Gene-Editing Tool CRISPR-Cas9 Can Now Monitor And Target RNA In Living Cells
The new genetic tool called CRISPR-Cas9 can now be used as an accessible means to track and target the movement of RNA in living cells, researchers found.
A person's susceptibility to disease and characteristics like the color of the hair or eyes, are all encoded in the deoxyribonucleic acid or DNA. Scientists have long been sequencing human genome in order to develop ways to alter the genetic code. However, there are some diseases that are linked to RNA, another important molecule.
Researchers at the University Of California, San Diego figured out how to use the tool on the messenger RNA that carries genetic instructions from the nucleus of the cell to make new proteins.
"We are just beginning to see the implications of genome engineering using the CRISPR technology, but many diseases, including cancer and autism, are linked to problems with another fundamental biological molecule: RNA," said Gene Yeo of the University of California, San Diego.
"Future developments of this work could enable researchers to measure other features of RNA processing or support therapeutic approaches to correct disease-causing RNA behaviors," he added.
What Is The CRISPR-Cas9 System?
It's a naturally-occurring defense mechanism found in many bacteria wherein a strange pattern of DNA sequence would be repeated over and over again.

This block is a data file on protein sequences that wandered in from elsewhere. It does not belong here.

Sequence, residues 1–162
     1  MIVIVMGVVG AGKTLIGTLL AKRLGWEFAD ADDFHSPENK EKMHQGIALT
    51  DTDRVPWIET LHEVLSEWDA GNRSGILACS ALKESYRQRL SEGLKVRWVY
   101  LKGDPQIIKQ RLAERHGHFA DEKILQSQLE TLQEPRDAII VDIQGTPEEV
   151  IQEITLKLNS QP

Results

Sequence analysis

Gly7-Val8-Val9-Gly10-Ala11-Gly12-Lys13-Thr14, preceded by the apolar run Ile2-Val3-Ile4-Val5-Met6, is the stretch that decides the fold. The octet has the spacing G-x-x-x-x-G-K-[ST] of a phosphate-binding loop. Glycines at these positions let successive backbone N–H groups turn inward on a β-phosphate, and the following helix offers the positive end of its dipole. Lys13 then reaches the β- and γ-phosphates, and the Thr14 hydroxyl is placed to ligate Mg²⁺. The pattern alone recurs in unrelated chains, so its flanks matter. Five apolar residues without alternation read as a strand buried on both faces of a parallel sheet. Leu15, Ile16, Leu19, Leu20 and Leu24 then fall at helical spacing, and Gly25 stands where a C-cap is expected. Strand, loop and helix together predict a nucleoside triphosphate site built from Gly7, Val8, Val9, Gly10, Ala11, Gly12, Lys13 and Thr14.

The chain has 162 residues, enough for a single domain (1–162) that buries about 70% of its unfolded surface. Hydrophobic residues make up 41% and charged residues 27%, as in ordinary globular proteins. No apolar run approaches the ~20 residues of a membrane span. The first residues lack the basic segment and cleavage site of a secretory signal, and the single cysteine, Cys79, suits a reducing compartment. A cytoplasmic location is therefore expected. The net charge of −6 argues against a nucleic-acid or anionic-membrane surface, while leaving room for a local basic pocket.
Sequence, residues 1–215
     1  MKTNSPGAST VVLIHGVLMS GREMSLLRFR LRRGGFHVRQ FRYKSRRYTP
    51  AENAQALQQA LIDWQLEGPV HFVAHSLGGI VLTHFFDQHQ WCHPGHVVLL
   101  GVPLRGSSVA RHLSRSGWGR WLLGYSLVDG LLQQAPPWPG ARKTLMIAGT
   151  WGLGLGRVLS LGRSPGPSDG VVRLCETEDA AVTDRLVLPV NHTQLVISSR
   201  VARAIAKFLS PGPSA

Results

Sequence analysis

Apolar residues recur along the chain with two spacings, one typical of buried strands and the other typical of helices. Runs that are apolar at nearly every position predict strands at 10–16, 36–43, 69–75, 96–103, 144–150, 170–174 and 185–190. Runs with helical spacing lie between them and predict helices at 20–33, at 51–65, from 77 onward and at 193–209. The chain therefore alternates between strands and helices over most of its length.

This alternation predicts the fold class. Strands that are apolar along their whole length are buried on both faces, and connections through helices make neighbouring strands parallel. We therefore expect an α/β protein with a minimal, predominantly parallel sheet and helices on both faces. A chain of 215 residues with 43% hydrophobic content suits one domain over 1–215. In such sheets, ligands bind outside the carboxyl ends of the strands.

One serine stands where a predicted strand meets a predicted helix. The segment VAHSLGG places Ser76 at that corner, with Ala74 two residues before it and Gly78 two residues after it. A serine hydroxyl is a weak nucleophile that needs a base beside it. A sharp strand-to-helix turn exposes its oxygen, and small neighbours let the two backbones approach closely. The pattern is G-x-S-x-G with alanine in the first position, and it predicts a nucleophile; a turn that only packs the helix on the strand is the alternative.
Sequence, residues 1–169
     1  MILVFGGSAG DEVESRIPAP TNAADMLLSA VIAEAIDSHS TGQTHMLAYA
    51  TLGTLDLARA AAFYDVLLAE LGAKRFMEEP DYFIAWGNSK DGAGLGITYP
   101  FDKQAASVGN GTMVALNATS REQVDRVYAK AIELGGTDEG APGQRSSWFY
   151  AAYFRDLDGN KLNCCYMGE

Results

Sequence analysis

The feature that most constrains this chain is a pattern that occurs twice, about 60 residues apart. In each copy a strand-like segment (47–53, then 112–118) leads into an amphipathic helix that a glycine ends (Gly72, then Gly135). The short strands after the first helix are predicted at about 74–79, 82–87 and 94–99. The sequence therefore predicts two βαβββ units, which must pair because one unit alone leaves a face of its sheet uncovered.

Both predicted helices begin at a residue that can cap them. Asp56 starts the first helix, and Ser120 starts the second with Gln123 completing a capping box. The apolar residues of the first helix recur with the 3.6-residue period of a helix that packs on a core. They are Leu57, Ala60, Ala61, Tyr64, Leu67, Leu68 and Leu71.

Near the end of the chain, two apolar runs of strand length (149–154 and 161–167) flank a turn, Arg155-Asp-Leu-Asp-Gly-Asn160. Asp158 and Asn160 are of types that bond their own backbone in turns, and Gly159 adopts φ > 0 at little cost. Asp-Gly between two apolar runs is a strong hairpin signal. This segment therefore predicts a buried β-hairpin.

Some bacteria have two parts of its defense mechanism that protect them from vicious viruses that prey on them. Scientists found that the unique sequences in between the repeats were like that of the viruses' DNA.
They found that CRISPR is a part of the immune system of bacteria wherein it keeps parts of viruses so the next time these would attack; the bacteria can easily identify them. The second part entails having a set of enzymes called Cas or CRISPR-associated proteins. This can cut and slice invading viruses.
Otherwise known as the clustered regularly-interspaced short palindromic repeat, CRISPR-Cas9 is an RNA-guided gene-editing system derived from Streptococcus pyogenes. This is the most common type of Cas enzymes.
Tool Can Modify Genes To Treat Certain Illnesses
The scientists involved in the study conducted an experiment that could lead to new treatments for diseases that are caused by problems in the messenger RNA such as certain types of cancer, autism, neurodegenerative diseases and the fragile X syndrome.
The location of the RNA in cells can influence the production of proteins and determine whether they are created at the right time and place. When this transport fails, this can lead to a lot of conditions or diseases.
The scientists found that they could use the defense system, CRISPR-Cas9, for the first time since this has only been used to edit DNA. This can target RNA in living cells through a process they called RNA-targeted Cas9 or RCas9.
"DNA is the fundamental building block of life and we are just beginning to see the implications of genome engineering with CRISPR-Cas9, but many diseases including cancer and autism are linked to problems with another fundamental biological molecule-RNA," said David Nelles, a UC-San Diego graduate.
The study was published in the journal Cell.
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